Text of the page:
Inflation puts new cloud on Australian economy

Rising inflation and increasing talk of devaluation are creating a new atmosphere of concern regarding the Australian economy.

Australia now has a higher rate of inflation than at any time in the past five years. Analysts predict one result will be a worsening of an already bleak labor relations picture.

Figures from the Bureau of Statistics, a government agency in Canberra, show inflation of 11.3 percent in the year ending Dec. 31, 1981 - the worst since 1976, when inflation was 14.4 percent.

For the final quarter of 1981, price increases for health care, electricity, transportation, and household goods are cited as mostly responsible for boosting inflation above the 9.2 percent of calendar 1980.

Health care rose 29.2 percent over 1980, mainly as a result of cutbacks in government subsidies, in accordance with the federal government policy that patients should meet the cost of as much of their medical treatment as possible. Australians, as a result, have been spending more for health insurance coverage - and facing larger bills for items not covered by their insurance.

Industrial and labor leaders warn that the latest figures may prompt greater industrial unrest in a nation where strikes already have a major disruptive effect on industry and, particularly, exports.

A spokesman for the Confederation of Australian Industry, George Polites, maintains that inflation may not have peaked, suggesting it will hit 15 percent unless wage demands are moderated. He blames big pay raise settlements in the past six months for pushing up costs to consumers.

The Australian Council of Trade Unions says, in a statement, that the inflation rate will affect wage negotiations now in progress between unions and employers. Labor analysts contend that demands for more pay, backed by strikes, will intensify as a result of higher inflation. Predictions of a wages-and-prices spiral appears to have been accurate, some observers say.

Former Foreign Minister Andrew Peacock, now a government back-bencher, is calling for tax cuts to head off pay demands, but the government has indicated this option is unlikely to be taken. Mr. Peacock, who is frequently critical of official policies, argues that employees understandably want to maintain their real after-tax income. ''The trade union movement has made it clear there is little chance of wage restraint unless tax cuts are introduced,'' he declares.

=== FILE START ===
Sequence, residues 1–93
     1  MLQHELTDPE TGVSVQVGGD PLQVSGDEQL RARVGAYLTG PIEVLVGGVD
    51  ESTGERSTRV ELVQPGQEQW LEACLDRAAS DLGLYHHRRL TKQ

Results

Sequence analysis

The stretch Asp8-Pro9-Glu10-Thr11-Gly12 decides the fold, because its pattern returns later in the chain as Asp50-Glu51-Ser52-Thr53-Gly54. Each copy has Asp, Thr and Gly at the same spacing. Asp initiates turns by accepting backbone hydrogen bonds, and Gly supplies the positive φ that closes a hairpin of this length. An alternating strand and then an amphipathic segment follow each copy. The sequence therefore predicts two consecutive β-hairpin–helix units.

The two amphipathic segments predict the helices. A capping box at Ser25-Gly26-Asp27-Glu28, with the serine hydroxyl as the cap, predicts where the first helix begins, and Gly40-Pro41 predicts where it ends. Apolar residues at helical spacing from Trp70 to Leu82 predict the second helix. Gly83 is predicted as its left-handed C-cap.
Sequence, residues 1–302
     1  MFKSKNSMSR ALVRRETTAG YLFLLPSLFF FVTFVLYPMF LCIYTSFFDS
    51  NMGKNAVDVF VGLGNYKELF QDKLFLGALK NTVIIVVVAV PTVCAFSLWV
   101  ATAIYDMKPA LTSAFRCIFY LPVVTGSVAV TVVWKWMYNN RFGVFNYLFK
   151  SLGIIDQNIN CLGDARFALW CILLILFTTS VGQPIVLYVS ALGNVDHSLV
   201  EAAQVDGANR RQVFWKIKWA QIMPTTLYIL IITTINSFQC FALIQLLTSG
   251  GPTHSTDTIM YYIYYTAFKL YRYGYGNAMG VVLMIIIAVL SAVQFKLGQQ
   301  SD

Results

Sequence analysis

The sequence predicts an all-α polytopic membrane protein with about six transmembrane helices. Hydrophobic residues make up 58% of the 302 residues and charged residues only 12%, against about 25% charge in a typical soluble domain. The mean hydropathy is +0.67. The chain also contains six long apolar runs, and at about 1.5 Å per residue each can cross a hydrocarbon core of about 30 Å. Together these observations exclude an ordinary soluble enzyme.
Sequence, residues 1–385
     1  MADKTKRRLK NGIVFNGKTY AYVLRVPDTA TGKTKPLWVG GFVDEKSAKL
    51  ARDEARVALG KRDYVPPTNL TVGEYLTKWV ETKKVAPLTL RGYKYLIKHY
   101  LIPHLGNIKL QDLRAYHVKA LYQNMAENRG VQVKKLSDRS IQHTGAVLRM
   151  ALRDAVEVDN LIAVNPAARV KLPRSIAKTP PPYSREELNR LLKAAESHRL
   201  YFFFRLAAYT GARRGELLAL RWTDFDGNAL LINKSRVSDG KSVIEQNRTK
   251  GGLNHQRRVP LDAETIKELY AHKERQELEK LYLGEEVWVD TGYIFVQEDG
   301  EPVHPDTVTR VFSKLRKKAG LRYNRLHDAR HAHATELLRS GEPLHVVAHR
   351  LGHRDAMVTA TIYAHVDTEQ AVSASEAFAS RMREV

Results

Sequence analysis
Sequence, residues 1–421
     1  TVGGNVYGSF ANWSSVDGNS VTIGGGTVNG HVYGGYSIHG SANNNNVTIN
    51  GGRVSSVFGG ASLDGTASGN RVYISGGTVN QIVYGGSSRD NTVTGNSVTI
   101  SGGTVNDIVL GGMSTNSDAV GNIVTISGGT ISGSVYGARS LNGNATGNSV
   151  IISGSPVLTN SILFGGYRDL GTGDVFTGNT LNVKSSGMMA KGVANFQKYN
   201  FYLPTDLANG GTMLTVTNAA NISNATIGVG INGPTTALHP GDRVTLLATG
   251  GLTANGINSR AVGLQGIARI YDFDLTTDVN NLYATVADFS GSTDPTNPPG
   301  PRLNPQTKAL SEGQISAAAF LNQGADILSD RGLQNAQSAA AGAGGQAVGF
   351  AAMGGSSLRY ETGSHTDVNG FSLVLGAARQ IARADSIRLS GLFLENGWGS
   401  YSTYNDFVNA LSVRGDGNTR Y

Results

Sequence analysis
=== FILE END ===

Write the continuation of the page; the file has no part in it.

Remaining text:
Treasurer John Howard says he expects Australia's inflation rate to drop back to single figures, but not until 1983.

Mr. Howard says the inflation figures challenge ''all in the community to work harder to contain inflationary pressures and to ensure that the effects of this rise are temporary.''

But the Labor Party opposition leader, Bill Hayden, has been highly critical of official policies. ''Most of the latest increase in the cost of living is caused by health insurance charges and sales tax - in other words, deliberate policies of the government. The government can't blame wage increases or the unions for this record.''

Meanwhile, calls are increasing in Australia for devaluation of the country's dollar, which has slipped in value against the United States dollar in the past year and is now worth approximately $1.12 (in US dollars).

Keith Campbell, chairman of a recent wide-ranging official inquiry into the Australian financial system, notes that if Australia had a floating dollar ''it would ease down.''

Sir James McNeill, chairman of Australia's largest company, Broken Hill Proprietary Company Ltd., which has wide-ranging mining and manufacturing interests, says that ''the (Australian) dollar is high, not because we have got a competitive cost structure but because we have these very high inflows. We need these inflows, but it would certainly help the manufacturing industry enormously if the dollar were not as high as it presently is.''

A comment by Deputy Prime Minister Doug Anthony, leader of the National Country Party, the junior partner of the Liberals in the federal government, has been widely interpreted as supporting devaluation.

Mr. Anthony said a number of options are available to Australia to improve its export performance. ''The first is to further improve our export competitiveness.'' Canberra sources suggested later that it was devaluation to which Anthony was referring, without saying so.

Government sources, however, have so far not given any indication that a devaluation is imminent.

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